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Thai Sticky Rice with Mangoes

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AsianInAmericaStickyRiceWMangoes2NiceThere are many things the Philippines has in common with neighboring Thailand. Like our love for Thai Sticky Rice with Mangoes. Travel from Manila, Philippines to Bangkok, Thailand only takes 3 ½ hours by plane. The Philippines and Thailand have many things in common aside from being in the same continent. Geography, climate, topography, cultural nuances are just a start. Our beautiful people even look alike – we bear the same resemblance in skin, hair, eye colors. But the commonalities in food are the most endearing between our two countries.

Thai food is predominantly spicy, with touches of the savory, sweet, sour and tangy. Filipino food has the same flavors and textures, but with strong Spanish and American influences from our colonizers.

So this is why it was easy for me to embrace and enjoy the cookbook “Nong’s Thai Kitchen” by Chef Nongkran Daks and Alexandra Greeley. My good friend, Nancie McDermott, cookbook author urged Chef Nong to send me a copy of this new cookbook. I’m grateful they did.  This new Thai cookbook is the source for anyone who loves Thai cooking and will appeal to both beginners and experts in the kitchen. There are 84 doable recipes for everyday cooking. I have cooked several recipes since I got this cookbook. It truly felt like I was cooking Filipino food.


AsianInAmericaStickyRiceSteamerHorizBut I was quickly drawn to the Sticky Rice with Mangoes in the dessert section. As you know, I love desserts and if life would allow it, I would have desserts every day. But let’s go back to Thai cooking. I love this dessert because it is paired with my favorite fruit, mangoes. Once again, just like we have an abundance of mangoes in the Philippines, so does Thailand. Now that we live here in America, we enjoy the plentiful supply of mangoes from spring to mid-summer. Some groceries sell it even in the fall.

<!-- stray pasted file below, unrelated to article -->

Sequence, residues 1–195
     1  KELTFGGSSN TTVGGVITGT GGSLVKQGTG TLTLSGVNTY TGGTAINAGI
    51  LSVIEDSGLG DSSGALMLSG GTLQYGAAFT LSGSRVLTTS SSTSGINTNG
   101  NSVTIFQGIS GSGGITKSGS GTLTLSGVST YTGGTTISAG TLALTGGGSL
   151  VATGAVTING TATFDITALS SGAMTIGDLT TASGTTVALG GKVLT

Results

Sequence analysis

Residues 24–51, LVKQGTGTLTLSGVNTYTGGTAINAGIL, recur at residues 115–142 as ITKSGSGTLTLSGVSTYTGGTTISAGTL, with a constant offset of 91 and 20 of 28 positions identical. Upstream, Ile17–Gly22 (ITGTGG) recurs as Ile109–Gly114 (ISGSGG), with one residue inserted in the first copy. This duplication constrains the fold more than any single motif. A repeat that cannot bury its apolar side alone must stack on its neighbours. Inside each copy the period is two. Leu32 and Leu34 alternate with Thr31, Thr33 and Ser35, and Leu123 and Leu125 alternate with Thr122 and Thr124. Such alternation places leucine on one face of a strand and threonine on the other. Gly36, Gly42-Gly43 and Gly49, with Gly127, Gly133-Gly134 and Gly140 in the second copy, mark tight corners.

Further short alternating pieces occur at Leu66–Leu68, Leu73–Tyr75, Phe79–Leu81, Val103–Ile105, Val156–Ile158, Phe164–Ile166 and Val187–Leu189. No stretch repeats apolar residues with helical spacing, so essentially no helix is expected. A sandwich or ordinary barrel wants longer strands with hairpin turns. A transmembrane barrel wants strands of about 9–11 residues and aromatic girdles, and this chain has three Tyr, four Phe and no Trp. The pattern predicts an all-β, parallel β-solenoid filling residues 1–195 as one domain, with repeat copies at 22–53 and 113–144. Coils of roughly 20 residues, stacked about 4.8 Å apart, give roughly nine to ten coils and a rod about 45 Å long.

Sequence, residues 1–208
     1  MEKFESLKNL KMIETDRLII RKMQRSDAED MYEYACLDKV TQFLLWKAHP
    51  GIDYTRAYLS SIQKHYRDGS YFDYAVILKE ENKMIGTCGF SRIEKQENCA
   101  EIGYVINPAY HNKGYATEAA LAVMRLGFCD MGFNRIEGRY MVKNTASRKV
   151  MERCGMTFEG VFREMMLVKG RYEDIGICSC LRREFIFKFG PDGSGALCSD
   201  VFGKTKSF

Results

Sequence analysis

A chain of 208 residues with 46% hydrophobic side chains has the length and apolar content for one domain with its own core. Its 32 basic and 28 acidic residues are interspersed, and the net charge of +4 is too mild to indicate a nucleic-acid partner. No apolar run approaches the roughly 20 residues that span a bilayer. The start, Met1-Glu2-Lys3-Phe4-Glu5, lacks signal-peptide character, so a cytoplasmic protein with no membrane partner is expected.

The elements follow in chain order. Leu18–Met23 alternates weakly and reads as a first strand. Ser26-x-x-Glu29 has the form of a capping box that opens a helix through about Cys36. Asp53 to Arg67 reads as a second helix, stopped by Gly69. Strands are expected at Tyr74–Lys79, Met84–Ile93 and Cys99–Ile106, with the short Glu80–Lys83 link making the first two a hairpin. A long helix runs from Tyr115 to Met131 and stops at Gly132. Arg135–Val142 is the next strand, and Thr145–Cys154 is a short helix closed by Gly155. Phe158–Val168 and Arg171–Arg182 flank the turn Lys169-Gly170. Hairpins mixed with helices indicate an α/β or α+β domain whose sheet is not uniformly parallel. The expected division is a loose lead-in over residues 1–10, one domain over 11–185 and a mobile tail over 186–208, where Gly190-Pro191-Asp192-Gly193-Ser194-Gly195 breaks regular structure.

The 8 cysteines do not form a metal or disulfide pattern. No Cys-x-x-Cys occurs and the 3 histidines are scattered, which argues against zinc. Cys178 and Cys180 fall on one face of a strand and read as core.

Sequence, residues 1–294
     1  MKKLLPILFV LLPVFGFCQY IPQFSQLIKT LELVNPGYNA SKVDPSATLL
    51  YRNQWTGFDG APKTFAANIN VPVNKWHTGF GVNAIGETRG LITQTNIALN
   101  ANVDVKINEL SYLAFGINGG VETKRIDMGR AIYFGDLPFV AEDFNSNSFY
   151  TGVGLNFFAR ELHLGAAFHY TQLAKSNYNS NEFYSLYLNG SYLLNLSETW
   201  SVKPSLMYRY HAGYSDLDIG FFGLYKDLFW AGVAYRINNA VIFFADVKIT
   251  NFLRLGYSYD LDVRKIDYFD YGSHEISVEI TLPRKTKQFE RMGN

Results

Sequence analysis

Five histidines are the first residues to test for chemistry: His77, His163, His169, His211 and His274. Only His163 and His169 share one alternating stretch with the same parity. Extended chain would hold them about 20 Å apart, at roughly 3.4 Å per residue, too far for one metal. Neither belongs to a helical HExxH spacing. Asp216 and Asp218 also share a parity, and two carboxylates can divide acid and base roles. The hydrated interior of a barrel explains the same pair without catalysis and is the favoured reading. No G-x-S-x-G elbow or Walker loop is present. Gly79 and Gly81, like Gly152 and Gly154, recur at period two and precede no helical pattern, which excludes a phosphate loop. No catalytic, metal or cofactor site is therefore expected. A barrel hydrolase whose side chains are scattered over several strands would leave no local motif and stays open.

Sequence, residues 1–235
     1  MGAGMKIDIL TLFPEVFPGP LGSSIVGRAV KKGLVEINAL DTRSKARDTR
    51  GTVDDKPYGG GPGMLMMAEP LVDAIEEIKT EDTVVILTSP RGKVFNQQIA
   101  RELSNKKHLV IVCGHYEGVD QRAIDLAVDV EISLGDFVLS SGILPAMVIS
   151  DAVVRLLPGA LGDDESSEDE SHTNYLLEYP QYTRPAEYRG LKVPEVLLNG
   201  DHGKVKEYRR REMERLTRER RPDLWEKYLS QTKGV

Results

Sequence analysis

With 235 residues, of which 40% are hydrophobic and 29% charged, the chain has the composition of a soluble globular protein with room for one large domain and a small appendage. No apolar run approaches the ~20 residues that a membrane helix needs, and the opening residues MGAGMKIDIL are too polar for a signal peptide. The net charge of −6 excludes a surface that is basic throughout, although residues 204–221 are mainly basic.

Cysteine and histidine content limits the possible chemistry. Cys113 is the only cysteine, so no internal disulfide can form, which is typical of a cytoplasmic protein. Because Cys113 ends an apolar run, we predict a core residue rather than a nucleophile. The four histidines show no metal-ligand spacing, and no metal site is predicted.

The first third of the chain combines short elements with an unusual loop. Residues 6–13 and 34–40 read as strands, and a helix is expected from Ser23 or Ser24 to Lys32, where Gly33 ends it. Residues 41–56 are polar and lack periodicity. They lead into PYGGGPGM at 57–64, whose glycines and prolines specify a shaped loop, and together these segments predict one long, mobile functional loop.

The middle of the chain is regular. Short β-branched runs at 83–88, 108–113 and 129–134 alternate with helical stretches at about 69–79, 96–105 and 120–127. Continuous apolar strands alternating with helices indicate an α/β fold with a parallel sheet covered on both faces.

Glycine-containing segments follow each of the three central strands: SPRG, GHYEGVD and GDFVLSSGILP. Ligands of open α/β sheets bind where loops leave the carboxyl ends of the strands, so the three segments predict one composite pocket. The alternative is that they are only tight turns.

Another reason why I enjoy Sticky Rice is because it is so similar to the Filipino Suman (sticky rice logs) which I have blogged about in the past. Click here for the recipe link.

The best thing about this dessert is that you only need a few ingredients, you don’t need to bake it and it is so filling and hearty. Don’t be discouraged by the process of soaking the sweet rice (or “malagkit” in the Philippines). I cut down the recipe from the cookbook in half for us. After soaking a few hours, the rice grains plump up. Once the rice is steamed, the soft, granules grow larger and look like glistening oval pearls clinging to each other. It is easy to shape them into any form you fancy. The simple, pure flavor of the chewy rice goes well with the sweet, succulent mangoes. And if you want to make this dessert decadent, then pour the rich, thick, fragrant coconut milk over the sticky rice grains. It is sheer dessert nirvana.


Thai Sticky Rice with Mangoes

If you’ve always wanted to make the classic Thai Sticky Rice with Mangoes dessert here’s the easy, no-bake recipe which you can make at home. The process involves soaking the sweet rice or “malagkit” (Pilipino for ‘sticky’) for a few hours till the grains plump up. From then, just steam, mix, pour and serve with the sweet, fully ripened mangoes in season. This recipe was from "Nong's Thai Kitchen" by Nongkran Daks and Alexandra Greeley (Tuttle Publishing), foreword by Nancie McDermott. The recipe I made serves 2 to 4.
Course: Dessert, Snacks
Cuisine: American, Asian, Filipino, Thai
Keyword: Thai Sticky Rice Mangoes
Servings: 4 people


  • 1 1/2 cups uncooked sweet or sticky rice (malagkit)
  • 2 cups water. for soaking rice
  • 1 can (375 ml) canned coconut milk
  • 11/4 cups granulated sugar
  • 1 teaspoon sea salt
  • 2 to 3 large ripe mangoes ataulfo variety (or use any fully ripe mangoes available)
  • 2 Tablespoons coconut oil for greasing parchment paper


  • Place the sweet rice grains in a medium-sized bowl. Pour the water. Cover and soak rice for 6 hours.
  • After 6 hours of soaking, drain the water. The rice grains will have plumped up. Prepare a steamer. Line a medium sized bamboo steamer (from Asian markets or online sources) with parchment paper. Brush coconut oil around the paper. Place the pre-soaked rice grains on the paper, inside the steamer. Spread the grains in a flat, single layer to cook well.